Scared? Well, it just not so simple as that, so don’t believe the collectors when they call and say they will have you arrested and put in jail for not paying a debt. While it is possible, there are a lot of safeguards for consumers in financial trouble, including bankruptcy.
Let’s start with the basics. Debtor’s Prison is jail time for failing to pay a bill. There is a famous line in the Charles Dickens’ story, A Christmas Carol, as he is asked for a donation to the poor and he retorts. “Are there no prisons? Are there no workhouses?” If you did not pay your bills, you could be sentenced to prison or to a factory to work off your debt. Even Dickens’ family ended up there for a while. The United States and most individual states outlawed the practice in the early 1800′s.
So, if its illegal, how can I go to jail for not paying my bills? Easy, ignore a court order. When a creditor sues you, the court will order that you pay the bill most times in weekly installments. The Judges recognize that you probably don’t have the money to pay it all at once. But beware, most judgments do carry interest at various rates set by rule or statute. If you don’t pay the installments, the Court won’t order you to jail, but it will give the creditor some power to pursue your assets. This can come in various forms such as a lien on your home, a pay garnishment, an attachment of your bank account or some other seizure of your property. If you have nothing to seize, no worries; still no jail time.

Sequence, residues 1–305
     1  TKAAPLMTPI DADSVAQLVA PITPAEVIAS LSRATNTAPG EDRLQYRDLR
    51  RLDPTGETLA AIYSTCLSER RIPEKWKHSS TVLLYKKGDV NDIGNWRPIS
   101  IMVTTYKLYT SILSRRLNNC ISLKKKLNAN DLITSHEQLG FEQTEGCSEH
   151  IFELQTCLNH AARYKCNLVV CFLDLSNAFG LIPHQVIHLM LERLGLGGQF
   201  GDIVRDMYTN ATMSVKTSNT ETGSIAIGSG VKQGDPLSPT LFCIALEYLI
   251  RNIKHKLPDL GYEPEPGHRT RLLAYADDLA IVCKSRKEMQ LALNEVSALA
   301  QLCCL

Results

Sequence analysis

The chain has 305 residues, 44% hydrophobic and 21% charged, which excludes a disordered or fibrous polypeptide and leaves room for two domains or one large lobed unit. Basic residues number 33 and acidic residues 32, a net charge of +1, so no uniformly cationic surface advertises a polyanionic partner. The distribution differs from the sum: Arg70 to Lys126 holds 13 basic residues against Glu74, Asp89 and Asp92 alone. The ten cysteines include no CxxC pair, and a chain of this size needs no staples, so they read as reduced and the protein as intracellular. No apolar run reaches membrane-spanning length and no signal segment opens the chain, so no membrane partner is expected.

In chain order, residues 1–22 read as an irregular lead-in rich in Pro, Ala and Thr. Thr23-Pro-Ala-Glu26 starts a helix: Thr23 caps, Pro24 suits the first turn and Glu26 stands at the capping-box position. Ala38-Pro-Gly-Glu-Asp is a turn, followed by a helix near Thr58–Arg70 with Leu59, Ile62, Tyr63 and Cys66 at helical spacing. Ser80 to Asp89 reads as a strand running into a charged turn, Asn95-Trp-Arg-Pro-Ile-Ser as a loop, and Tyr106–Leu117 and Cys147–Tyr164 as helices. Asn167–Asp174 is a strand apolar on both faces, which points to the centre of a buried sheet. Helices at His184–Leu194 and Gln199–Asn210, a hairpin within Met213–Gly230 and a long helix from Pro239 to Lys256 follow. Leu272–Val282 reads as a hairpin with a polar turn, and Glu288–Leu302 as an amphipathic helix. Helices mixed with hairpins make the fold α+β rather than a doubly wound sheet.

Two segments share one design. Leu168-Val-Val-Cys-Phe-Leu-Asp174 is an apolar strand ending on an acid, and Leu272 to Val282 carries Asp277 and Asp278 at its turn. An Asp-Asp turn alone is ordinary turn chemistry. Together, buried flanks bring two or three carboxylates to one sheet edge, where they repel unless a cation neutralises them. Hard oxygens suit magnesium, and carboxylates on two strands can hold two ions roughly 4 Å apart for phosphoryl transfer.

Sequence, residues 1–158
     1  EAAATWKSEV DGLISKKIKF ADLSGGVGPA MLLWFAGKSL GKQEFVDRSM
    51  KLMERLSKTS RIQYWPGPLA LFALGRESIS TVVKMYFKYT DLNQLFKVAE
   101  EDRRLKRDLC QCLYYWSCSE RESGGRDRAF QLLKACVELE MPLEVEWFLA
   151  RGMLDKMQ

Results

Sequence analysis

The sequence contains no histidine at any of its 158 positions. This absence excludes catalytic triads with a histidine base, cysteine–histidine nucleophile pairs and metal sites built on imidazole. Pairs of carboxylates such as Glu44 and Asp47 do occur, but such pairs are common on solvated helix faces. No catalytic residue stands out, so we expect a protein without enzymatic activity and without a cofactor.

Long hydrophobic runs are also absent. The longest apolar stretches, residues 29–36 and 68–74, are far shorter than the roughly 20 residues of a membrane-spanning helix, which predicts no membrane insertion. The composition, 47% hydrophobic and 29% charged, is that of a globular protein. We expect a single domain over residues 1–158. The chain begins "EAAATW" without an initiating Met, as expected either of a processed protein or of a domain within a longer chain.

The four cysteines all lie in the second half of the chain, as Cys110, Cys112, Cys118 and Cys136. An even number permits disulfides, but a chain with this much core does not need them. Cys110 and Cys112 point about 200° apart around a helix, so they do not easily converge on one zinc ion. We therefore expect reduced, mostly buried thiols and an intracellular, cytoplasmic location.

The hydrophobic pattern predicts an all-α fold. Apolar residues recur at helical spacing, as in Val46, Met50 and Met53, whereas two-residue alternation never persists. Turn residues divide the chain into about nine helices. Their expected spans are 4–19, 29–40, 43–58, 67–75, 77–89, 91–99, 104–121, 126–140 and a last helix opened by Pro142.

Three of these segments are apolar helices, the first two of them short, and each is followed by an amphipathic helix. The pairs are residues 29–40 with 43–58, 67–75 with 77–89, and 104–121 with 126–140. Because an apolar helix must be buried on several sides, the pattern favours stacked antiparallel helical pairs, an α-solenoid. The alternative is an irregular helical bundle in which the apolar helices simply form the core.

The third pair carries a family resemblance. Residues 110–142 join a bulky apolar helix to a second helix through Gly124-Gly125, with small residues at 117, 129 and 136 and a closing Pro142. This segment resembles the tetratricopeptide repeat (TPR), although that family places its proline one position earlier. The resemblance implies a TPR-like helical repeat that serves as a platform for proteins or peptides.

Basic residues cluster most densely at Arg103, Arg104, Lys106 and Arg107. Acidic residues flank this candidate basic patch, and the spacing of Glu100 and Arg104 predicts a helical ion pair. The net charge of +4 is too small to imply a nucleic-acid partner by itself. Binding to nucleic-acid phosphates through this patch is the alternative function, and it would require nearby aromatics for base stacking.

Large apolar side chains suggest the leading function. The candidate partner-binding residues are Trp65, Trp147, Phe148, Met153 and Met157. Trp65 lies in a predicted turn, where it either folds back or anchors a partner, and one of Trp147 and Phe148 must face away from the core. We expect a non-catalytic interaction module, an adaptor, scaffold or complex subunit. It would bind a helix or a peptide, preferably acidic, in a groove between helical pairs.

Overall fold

The final step in frustration for the creditor who has a judgment is to subpoena you to an examination to see what they can recover from you. This is where you get into trouble. Ignore that subpoena and no you are in contempt of court. You are ignoring a judge’s order to appear and that IS punishable by jail time and sometimes a hefty bail bond.
Now if you file for bankruptcy first, the Federal Bankruptcy system preempts the state court system and you’ve avoided going to jail. You can think of bankruptcy as a ‘Get Out of Jail free’ card.
Last modified: November 17, 2013